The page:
5. I believe that the strength of LRH’s hostility toward psychiatry parallels the intensity of their efforts to destroy would-be competitors/dissenters and the ongoing revelation of the depth of extreme and vicious experimental programs and political agendas.

    Here’s some samples he was confronting, as documented in the book “Secret, Don’t Tell — The Encyclopedia of Hypnotism” by Carla Emery

    “…the day has come when we can combine sensory deprivation with drugs, hypnosis and astute manipulation of rewards and punishment to gain almost absolute control over an individual’s behavior…a very rapid and highly effective type of positive brainwashing that would allow us to make dramatic changes in a person’s behavior and personality…[in] a few months—or perhaps even less than that…

    “The techniques of behavioral control make even the hydrogen bomb look like a child’s toy, and, of course, they can be used for good or evil. But we can no more prevent the development of this new psychological methodology than we could have prevented the development of atomic energy…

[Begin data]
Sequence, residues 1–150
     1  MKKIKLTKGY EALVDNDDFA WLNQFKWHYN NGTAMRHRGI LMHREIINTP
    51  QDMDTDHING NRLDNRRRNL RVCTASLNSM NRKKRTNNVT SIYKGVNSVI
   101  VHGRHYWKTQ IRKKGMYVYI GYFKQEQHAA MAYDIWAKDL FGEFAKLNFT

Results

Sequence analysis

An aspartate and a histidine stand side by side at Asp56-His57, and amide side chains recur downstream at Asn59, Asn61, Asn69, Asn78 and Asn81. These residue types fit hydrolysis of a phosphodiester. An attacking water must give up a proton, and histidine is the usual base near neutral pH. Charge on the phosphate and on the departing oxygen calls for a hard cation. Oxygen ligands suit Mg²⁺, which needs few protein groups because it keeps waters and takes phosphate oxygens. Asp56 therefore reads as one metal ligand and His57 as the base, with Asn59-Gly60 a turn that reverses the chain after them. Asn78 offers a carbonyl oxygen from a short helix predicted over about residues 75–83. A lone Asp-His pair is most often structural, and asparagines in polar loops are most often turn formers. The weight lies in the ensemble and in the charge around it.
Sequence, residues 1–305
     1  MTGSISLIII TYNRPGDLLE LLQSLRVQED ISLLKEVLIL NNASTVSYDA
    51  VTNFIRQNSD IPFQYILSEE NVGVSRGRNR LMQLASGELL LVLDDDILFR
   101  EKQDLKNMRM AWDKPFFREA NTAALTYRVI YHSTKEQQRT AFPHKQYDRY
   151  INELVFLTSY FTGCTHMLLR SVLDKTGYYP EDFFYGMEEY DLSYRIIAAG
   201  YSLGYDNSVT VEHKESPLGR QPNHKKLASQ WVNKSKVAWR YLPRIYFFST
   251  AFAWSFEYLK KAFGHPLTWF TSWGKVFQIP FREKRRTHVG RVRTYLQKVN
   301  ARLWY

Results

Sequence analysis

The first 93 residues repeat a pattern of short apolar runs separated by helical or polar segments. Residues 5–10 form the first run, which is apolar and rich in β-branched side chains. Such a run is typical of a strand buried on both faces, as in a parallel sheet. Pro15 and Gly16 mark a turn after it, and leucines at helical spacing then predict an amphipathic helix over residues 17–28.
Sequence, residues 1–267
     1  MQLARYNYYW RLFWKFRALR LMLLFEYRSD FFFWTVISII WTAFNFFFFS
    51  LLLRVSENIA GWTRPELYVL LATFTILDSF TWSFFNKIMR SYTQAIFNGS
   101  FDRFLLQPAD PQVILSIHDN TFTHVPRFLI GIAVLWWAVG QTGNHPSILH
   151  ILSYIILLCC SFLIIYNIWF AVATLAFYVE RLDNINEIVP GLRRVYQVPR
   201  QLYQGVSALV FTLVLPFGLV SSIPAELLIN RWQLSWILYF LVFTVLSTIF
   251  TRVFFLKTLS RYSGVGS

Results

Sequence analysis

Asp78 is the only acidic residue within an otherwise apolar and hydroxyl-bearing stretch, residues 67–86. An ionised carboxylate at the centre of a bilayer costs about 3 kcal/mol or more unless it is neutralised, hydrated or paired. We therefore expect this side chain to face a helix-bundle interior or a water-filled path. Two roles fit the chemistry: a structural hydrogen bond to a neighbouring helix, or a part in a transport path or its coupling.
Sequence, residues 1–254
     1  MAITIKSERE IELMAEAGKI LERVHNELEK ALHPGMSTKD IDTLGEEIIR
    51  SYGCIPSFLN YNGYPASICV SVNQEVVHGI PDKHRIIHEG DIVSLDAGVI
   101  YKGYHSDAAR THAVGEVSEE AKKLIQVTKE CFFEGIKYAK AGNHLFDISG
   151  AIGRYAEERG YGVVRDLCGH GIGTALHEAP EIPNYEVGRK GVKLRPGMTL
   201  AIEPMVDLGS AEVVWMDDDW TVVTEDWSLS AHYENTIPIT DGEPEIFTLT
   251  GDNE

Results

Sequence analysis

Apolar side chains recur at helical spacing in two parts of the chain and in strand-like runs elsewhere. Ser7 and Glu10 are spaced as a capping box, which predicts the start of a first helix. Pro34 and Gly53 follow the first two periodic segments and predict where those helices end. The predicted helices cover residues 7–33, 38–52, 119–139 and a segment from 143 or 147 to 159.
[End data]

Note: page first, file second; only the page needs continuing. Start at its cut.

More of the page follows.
– McConnell, Psychology Today, April 1970

    “When James V. McConnell announced the new method of positive brainwashing in the article quoted above, he was a famous Michigan behaviorist. In the early 1970s, he trained flatworms by electric shocks to prefer the lighted tunnel to the dark one. He edited and published both The Journal of Biological Psychology and the Worm Runner’s Digest, a radical behaviorist periodical. If anybody outside the Company knew what happened when you put all the MKULTRA research together and applied it with the goal of personality restructuring to a single subject, it would be McConnell. In that article, he urged readers to adopt

    “…a revolutionary viewpoint toward society and its problems. Today’s behavioral psychologists are the architects and engineers of the Brave New World… (Ibid., p. 74)